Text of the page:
Blog #35: A sweet start into Creationtide

September 9, 2021
Miya Komori & Monika Weber-Fahr

It's September - summer is nearly over, and Creationtide has started on September 1st. Originally an Eastern Orthodox initiative, and by now widely observed also among Anglican and Episcopal, Roman Catholic and Protestant congregations, the Season of Creation is for us a time of restoration and hope, a jubilee for our Earth, and a time to discover radically new ways of living with creation. Over the coming weeks - through October 4 - the LivingLight Blog will introduce you to different things you can do, practically, as a way to appreciate the season. This will include steps we can each take to lessen our environmental footprint, but it also includes active steps to contribute to cleaning up our environment and ways to engage politically.

One of the most important things that we can do to lessen our environmental footprint through our personal choices is to eat "in season" and to choose produce that is not resource intensive.  This blog introduces you to some ideas!  Other choices will be featured on an ongoing basis throughout the LivingLight Blog series. 

 

Watermelon - is there any other fruit more evocative of summer?  The hot-weather-relative of the pumpkin family, it grows best in sunny climes and is enjoyed nicely on a sweltering day when its chilled juices crush in your mouth and run in little rivers of cool sweetness down your chin.  It's probably most sustainable to buy the little round watermelons from Austria's sunshine region, Burgenland, but for maximum flavor and crushing juices look for the gigantic Mediterranean melons at your local market or Turkish supermarket.  Pick one with dark red (but not mushY flesh, or if you're buying the whole fruit, pick one that sounds hollow when you tap it and look for a slightly faded skin and a yellow spot that indicates it has ripened slowly in the sun.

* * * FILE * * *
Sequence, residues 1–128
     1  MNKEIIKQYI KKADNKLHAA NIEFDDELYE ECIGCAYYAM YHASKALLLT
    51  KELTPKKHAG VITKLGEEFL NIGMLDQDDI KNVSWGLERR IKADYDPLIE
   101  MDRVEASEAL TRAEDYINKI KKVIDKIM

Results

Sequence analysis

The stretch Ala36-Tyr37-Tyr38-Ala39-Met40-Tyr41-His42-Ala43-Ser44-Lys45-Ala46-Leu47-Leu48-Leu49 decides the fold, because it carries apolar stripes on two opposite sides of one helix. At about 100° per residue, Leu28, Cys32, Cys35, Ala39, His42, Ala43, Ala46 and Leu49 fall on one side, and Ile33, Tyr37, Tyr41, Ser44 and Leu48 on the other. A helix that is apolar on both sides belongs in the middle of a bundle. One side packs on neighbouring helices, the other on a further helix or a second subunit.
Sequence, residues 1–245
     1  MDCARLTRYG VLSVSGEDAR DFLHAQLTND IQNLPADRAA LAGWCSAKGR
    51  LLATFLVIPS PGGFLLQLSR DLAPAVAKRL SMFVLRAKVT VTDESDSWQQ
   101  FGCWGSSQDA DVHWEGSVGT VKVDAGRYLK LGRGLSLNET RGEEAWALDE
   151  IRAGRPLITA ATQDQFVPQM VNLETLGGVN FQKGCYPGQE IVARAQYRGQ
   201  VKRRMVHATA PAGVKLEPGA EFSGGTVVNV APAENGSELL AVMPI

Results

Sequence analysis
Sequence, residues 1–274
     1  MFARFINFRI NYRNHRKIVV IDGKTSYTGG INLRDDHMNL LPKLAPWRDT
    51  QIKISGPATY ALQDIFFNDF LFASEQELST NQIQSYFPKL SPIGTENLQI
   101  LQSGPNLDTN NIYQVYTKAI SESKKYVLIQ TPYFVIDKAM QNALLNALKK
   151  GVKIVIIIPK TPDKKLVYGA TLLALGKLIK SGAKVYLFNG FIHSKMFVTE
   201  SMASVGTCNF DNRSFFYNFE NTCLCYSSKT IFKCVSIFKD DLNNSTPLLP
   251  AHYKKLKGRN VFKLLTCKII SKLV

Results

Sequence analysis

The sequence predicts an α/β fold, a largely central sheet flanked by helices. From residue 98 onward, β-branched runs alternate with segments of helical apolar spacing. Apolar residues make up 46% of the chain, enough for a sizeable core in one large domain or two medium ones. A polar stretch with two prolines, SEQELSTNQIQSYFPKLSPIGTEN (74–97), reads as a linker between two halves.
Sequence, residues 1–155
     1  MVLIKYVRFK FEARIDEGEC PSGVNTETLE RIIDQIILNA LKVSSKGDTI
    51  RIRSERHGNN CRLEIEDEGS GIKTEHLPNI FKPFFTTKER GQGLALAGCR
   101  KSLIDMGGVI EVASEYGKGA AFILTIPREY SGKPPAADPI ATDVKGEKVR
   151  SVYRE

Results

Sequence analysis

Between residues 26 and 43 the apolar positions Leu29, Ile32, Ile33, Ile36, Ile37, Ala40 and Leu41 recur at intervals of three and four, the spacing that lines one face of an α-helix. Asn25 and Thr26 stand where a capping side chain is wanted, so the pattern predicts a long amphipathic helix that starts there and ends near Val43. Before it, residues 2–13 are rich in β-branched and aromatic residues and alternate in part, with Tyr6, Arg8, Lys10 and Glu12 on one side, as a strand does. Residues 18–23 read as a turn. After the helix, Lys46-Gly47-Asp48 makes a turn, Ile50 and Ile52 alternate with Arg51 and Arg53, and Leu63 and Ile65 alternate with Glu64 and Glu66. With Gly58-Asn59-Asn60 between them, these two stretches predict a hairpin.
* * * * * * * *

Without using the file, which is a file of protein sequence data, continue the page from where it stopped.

As they are not resource-intensive to produce, watermelons largely have a low environmental impact - though you must of course consider the transport miles for the big Mediterranean melons. At the same time, watermelon from anywhere usually have little packaging - buy it as whole as possible to avoide single-use plastic or polystyrene trays.  And, despite what many people may think, the rind is edible and full of nutrients, making it a healthy, waste-free product. 

Despite its sweetness, watermelon is actually surprisingly healthy, with 7g of sugar and 46 calories only per 100 gramm! Throw it in a smoothie or turn it into pickles!  You can put all the different parts of the melon in a salad for a delicious, refreshing summer meal - add some mint or basil, some cucumber and sliced red onion, some feta and a drizzle of fresh, green olive oil.  But perhaps the best way to enjoy it is simply in big, messy slices, juices dirbbeling down your chin, telling stories about your family that might or might not be tall tales, eyes twinkling, laughing.

 
Suika - my father/
Loves watermelon, laughing/
As we dribble juice.
 
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